Increasing Demand for Water

As the population of Lee County keeps growing, the demand for water keeps increasing. Even though Lee County receives a large amount of rainfall, it arrives mostly during the rainy season when demands are low. Our highest demand for water comes during the dry season when our population increases due to our winter and spring visitors,  along with a high demand for irrigation. Approximately 60 percent of potable water produced is for irrigation. To help lower demands of potable water for irrigation, in 2005 LCU passed ordinance 05-10 regarding year-round water restrictions.

How You Can Conserve Water

But even with year-round water restrictions in place, there are still many ways that you can conserve water. Please review the indoor, outdoor and general tips. Remember, by conserving water you are not only helping the environment, but you will be saving money on your monthly bill.

For more information, please visit these websites:

Lee County reminds residents and visitors to conserve water

Fort Myers, FL, March 16, 2017 – As seasonally dry conditions continue in Lee County, residents and visitors are urged to conserve water where they can and to limit lawn irrigation in accordance with the Lee County year-round water conservation ordinance. The ordinance must be followed, regardless of a home or business' water source. Conserving now, during the dry season, will help protect declining groundwater levels throughout the county.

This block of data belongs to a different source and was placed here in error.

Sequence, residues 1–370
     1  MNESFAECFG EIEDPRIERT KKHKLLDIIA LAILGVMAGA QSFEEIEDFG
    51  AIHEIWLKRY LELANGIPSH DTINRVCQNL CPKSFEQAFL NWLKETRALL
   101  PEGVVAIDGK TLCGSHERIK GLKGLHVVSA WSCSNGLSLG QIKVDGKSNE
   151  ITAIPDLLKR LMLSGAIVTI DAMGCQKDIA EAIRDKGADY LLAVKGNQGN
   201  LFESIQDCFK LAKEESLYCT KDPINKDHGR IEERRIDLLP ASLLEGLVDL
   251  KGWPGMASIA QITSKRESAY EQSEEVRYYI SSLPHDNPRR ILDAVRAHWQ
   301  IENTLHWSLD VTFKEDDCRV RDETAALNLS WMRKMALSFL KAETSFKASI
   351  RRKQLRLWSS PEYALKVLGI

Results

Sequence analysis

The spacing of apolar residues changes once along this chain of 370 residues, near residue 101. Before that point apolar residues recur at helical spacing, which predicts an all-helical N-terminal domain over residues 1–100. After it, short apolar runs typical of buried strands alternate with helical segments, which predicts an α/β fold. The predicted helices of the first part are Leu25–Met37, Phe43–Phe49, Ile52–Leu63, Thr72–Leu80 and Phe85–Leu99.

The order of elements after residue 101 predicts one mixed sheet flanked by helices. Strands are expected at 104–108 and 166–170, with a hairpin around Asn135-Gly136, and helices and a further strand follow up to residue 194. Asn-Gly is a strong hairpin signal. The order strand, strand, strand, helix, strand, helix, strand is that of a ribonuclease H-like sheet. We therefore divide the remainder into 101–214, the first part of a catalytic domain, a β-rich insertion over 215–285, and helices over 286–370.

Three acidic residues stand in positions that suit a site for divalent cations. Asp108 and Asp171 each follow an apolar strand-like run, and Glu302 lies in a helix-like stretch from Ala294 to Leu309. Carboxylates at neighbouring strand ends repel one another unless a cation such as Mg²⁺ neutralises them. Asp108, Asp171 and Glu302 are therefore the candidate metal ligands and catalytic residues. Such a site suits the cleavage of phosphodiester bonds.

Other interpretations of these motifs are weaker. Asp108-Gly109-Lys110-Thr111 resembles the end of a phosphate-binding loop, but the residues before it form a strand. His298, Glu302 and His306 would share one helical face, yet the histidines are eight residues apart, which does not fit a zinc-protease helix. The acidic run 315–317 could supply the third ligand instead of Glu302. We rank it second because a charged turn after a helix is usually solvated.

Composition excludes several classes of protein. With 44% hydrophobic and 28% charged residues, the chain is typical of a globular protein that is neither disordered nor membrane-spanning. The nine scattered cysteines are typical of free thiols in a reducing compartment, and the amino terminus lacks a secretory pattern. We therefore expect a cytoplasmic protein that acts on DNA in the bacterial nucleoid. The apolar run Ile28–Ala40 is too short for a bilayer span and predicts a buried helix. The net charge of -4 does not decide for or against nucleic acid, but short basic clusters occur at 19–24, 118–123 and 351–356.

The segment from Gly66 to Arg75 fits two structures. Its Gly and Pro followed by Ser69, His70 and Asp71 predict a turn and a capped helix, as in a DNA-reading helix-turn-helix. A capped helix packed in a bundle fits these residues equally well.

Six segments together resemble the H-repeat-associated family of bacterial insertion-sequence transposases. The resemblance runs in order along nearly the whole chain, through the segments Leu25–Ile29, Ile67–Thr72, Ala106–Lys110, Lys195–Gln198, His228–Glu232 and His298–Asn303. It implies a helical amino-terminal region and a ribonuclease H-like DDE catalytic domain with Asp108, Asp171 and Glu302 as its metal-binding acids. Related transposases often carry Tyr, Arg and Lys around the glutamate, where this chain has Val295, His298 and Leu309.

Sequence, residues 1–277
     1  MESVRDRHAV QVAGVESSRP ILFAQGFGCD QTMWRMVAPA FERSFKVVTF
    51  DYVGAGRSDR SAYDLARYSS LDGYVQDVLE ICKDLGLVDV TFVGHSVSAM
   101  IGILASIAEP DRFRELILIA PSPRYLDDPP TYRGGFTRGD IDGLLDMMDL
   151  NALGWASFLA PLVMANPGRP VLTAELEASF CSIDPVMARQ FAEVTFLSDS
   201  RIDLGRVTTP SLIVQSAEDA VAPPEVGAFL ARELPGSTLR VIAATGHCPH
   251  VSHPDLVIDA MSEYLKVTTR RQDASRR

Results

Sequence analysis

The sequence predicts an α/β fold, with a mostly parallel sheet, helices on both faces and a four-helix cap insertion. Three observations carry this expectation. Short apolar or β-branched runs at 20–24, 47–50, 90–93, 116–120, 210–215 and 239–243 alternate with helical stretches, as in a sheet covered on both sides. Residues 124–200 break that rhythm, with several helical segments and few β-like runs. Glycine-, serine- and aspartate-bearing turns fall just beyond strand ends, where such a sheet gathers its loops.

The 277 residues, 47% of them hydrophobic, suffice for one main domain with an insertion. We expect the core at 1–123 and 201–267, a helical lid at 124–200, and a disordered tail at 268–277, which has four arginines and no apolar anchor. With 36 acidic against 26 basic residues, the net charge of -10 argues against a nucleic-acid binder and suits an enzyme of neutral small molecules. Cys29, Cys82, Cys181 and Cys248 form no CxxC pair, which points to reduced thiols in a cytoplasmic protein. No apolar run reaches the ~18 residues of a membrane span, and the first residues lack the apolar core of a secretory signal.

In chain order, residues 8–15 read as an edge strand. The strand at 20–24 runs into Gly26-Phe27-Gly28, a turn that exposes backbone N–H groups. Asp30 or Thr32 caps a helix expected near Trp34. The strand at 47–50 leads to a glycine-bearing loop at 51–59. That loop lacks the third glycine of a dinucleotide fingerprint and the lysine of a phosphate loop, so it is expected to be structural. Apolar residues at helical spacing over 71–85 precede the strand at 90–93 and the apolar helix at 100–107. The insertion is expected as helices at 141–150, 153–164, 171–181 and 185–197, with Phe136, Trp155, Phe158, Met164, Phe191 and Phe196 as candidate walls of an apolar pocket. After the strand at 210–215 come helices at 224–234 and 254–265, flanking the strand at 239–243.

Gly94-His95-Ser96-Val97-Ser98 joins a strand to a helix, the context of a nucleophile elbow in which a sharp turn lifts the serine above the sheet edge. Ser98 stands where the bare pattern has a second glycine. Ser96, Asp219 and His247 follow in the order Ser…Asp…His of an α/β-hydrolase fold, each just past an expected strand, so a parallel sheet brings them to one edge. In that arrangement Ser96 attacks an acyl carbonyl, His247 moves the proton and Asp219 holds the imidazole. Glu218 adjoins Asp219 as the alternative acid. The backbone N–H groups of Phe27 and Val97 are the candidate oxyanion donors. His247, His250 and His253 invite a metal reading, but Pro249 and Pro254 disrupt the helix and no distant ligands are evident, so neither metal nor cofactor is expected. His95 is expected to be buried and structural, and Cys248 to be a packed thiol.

Groundwater conditions should improve with the onset of the wet season, which normally commences in June. However, the increase in usage brought about by the drier than normal conditions and the increased seasonal population makes spring a critical time to cut back any unnecessary use. While it is important to conserve year-round, reducing usage now is vital to protect the resource.

All residents are urged to abide by local ordinances that restrict lawn irrigation. Lawn irrigation can account for 50 percent of household use. While the Lee County ordinance applies to those in unincorporated Lee County, a comprehensive list of local rules can be found at

All local ordinances have provisions for enforcement of ordinance violations; they vary by community. People in unincorporated Lee County who irrigate outside the permissible days and hours can receive a warning on a first offense and fines following a warning.

Lee County is coordinating with the regional water resource authority, the South Florida Water Management District, to monitor conditions. In the event that a water shortage is declared for Lee County or other areas in Southwest Florida, the South Florida Water Management District will provide notice of any associated mandatory water use restrictions. 

The South Florida Water Management District also provides information on how residents, businesses and other water users can implement some easy steps to conserve water. Click here for 50 Ways to be Water Smart.